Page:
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Porosity and poiesis across fragile membranes : patterning fluid arrangements in human biology

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Quinn, S ORCID: 0000-0002-0018-8686 2019 , 'Porosity and poiesis across fragile membranes : patterning fluid arrangements in human biology', PhD thesis, University of Tasmania.

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Abstract

I find that making sense of what confounds us is often instinctual, preconditioned and resolute, and without conscious thought. This practice-­led project is grounded in difficulties during my human science studies when in a moment of clarity, I envisaged the complexities of human biology within a confined order of patterning. Out of a perceived chaos grew a system using colour and ordering to sequence fluid arrangements. My project investigates the proposition of autopoietic patterning in dynamic human biology. I consider the visually creative potential of fluid arrangements inherent in physiology that drives seepage across fragile membranes.
My investigation focusses on the human organism’s visual qualities in its smallest, less obvious, yet visually fascinating parts. I explore notions grounded in microscopic observations that lead to greater emphasis on the performance and interactions of materials in the studio, referencing observations of human matter. I frame this studio investigation within conceptions of material agency offered by new materialism. My creative output is a speculative study expressing human physiology in colour and forms of fluid patterning. I use pigments in a viscous medium that allows additions of colour to flow between applications. The proposition is strengthened in the studio in an extended use of diagnostic tools;; a microscope, glass-­slides, a petri dish. I build on empirical data obtained from clinical observations in the pathology laboratory. The referent in more recent works is in historic models of biological complexity that captured the microscopic in x-­ray diffraction pattern – a revolutionary process that advanced our understanding of the structure of matter. I frame this expression of the human organism and its processes in illuminated colour and transparent layering addressing this significant time in history, capturing the microscopic and the speculative in two and three-­dimensional models.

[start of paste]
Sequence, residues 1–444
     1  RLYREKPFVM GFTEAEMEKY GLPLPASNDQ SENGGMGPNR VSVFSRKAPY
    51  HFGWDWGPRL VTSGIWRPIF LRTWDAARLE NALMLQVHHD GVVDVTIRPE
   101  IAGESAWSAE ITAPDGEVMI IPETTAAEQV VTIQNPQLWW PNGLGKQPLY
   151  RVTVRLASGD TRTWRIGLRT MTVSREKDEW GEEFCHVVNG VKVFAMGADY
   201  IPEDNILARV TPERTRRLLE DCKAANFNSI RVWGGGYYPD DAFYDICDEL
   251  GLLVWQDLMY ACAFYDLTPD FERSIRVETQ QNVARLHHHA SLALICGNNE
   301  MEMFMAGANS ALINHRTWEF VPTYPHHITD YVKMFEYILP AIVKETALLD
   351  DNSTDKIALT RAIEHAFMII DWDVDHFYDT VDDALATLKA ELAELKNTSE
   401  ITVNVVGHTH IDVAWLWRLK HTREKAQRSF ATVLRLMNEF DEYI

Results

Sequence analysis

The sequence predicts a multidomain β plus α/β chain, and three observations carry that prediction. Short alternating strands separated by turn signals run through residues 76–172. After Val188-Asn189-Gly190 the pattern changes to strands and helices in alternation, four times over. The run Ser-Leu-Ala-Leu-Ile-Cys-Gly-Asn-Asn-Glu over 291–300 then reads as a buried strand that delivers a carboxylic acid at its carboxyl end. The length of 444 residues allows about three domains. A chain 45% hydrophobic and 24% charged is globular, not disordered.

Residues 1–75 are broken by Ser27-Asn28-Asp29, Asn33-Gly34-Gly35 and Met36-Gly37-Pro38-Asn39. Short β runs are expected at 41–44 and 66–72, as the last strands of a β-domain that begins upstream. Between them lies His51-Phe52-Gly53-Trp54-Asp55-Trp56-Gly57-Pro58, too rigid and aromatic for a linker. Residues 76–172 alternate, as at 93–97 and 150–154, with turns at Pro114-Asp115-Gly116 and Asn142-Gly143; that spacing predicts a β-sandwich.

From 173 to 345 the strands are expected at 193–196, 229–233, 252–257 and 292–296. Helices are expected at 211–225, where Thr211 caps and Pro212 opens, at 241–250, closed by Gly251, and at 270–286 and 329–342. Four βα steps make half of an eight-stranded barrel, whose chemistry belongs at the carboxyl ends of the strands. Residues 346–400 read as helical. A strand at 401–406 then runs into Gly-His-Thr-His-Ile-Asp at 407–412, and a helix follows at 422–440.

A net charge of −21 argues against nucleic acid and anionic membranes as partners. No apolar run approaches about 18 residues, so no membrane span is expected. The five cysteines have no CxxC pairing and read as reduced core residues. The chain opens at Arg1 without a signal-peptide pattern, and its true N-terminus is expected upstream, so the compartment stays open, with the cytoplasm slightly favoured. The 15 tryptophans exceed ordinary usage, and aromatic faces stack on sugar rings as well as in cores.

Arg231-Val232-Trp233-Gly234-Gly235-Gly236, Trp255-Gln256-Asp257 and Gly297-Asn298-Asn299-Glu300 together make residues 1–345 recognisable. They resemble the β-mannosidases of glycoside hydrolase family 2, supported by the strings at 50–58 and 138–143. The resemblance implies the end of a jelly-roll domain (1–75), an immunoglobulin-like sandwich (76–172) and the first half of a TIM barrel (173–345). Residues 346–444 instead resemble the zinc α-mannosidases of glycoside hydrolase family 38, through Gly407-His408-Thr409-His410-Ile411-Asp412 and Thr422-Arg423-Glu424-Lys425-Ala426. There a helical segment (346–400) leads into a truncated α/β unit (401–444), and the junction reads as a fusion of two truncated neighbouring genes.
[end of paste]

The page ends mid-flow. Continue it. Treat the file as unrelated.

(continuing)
I situate my project in contemporary artworks from artists that support my concepts. I include Justine Cooper, Annette Messager, and Mona Hatoum for their methods addressing invasive medical interventions and our failing bodies. Anna Dimitriu engages with biology and bioscience with a focus on bacteria and bioinformatics. My engagement with colour identifies with James Turrell’s use of colour and light in installations creating affective environments. The immersive qualities of Mark Rothko’s and Barnett Newman’s colour fields inform my staging of embodied encounters that evoke seepage across boundaries. Dustin Yellin’s corporeal sculptural works elicit an embodied experience that inspirits my use of layered materials.
The project explores theories amplified in feminist writings that challenge and repudiate the gendered notion that biological matter is selectively passive or inert, so encouraging others to embrace dynamic biology at the phenomenological level. In addition, I embrace Stacy Alaimo’s affective proposition that we inhabit trans-­corporeality within the space where the fleshy corporeal human and its complex systems are inseparable from nature and environment. My project bridges the highly intellectualised and abstracted conceptions of human biology with an affective encounter with materiality, immersing viewers in the biology they often fail to acknowledge.

Item Type: Thesis - PhD
Authors/Creators:Quinn, S
Keywords: human biology, microscopic, new materialism, feminism, trans-corporeality
DOI / ID Number: 10.25959/100.00031523
Copyright Information:

Copyright 2019 the author

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